After John Cena’s blunder, are the Chinese boycotting Fast and Furious 9?

Released in mid-May in the Middle Kingdom, the latest installment of the saga made a sensational entry at the box office… before being brutally abandoned by the public with an 85% drop in attendance last week.

Are the Chinese boycotting Fast and Furious 9 ? Released since mid-May in theaters of the country with 1.4 billion inhabitants, the film directed by Justin Lin conquered the spectators during the first weekend of diffusion, reaching the 148 million dollars collected. But the following week, patatra: the feature film only garners 20.8 million, a drop of 85% according to the American magazine The Hollywood Reporter .

In a country where social distancing is attenuated and where criticism, although bad as the Konbini media reminds us, has not dissuaded the first spectators, this significant drop in attendance raises questions. Especially since the film competition is not remarkable.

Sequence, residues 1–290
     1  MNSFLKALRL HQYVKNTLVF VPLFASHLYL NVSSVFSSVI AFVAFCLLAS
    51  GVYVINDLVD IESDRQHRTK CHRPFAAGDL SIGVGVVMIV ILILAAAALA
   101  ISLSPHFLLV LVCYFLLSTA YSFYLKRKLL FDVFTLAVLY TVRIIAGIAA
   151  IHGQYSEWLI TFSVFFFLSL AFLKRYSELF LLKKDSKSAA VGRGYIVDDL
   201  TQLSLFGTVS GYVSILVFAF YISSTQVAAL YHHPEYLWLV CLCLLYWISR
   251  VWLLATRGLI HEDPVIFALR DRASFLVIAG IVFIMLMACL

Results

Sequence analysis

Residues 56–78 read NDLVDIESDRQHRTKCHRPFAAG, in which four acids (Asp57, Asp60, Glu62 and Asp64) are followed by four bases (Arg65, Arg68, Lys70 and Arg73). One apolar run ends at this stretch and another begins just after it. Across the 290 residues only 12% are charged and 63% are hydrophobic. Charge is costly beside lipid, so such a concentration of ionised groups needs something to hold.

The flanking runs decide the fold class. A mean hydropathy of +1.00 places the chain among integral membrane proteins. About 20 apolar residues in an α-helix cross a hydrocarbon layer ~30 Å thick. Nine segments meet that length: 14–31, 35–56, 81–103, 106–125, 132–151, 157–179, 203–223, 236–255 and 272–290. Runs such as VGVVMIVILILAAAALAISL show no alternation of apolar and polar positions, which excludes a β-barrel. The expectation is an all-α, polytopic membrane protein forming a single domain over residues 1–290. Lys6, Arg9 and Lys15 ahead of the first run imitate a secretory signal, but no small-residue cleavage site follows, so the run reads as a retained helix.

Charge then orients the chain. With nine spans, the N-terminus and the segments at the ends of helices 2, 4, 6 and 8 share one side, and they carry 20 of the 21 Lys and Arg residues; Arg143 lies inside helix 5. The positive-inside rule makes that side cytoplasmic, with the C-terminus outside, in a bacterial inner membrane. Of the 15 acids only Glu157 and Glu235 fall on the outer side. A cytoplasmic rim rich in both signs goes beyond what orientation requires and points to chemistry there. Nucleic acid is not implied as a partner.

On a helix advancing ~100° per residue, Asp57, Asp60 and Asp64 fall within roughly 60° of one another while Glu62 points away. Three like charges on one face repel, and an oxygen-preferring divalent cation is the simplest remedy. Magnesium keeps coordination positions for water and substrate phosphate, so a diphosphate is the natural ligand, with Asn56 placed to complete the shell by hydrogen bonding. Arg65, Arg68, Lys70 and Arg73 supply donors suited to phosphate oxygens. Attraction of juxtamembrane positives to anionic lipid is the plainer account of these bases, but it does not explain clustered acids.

This sudden disenchantment could be explained by the comments made by John Cena – who plays the new villain of the last episode of the saga – during the promotion of the film. During a meet and greet with fans in Taiwan earlier this month, the wrestler-turned-actor gave an interview to a local channel, in which he said: “Taiwan is the first country to be able to see Fast & Furious 9 ”;

Anger of Chinese Internet users, who pushed the American star to publish, Tuesday, May 25, a short video of apologies on the social network Weibo. “I have given many, many interviews for Fast and Furious 9 and I made a mistake during an interview ”, pleaded in Mandarin John Cena. “I have to say, and this is very, very important, that I love and respect China and the Chinese people. I’m really, really sorry for my mistake. I apologize”, he hammered in a sequence viewed more than two million times.

It must be said that the Taiwanese file is hot in China, the country claiming the island that it considers to be one of its provinces. The Middle Kingdom regularly threatens to resort to force in the event of an official proclamation of independence of the territory. Beijing does not hesitate to use its vast domestic market as a means of pressure against major international brands. In the past, the NBA and luxury giants have also been the victims of boycotts and the anger of the Chinese population for having addressed the issue of human rights or subjects that the communist regime considers sensitive.


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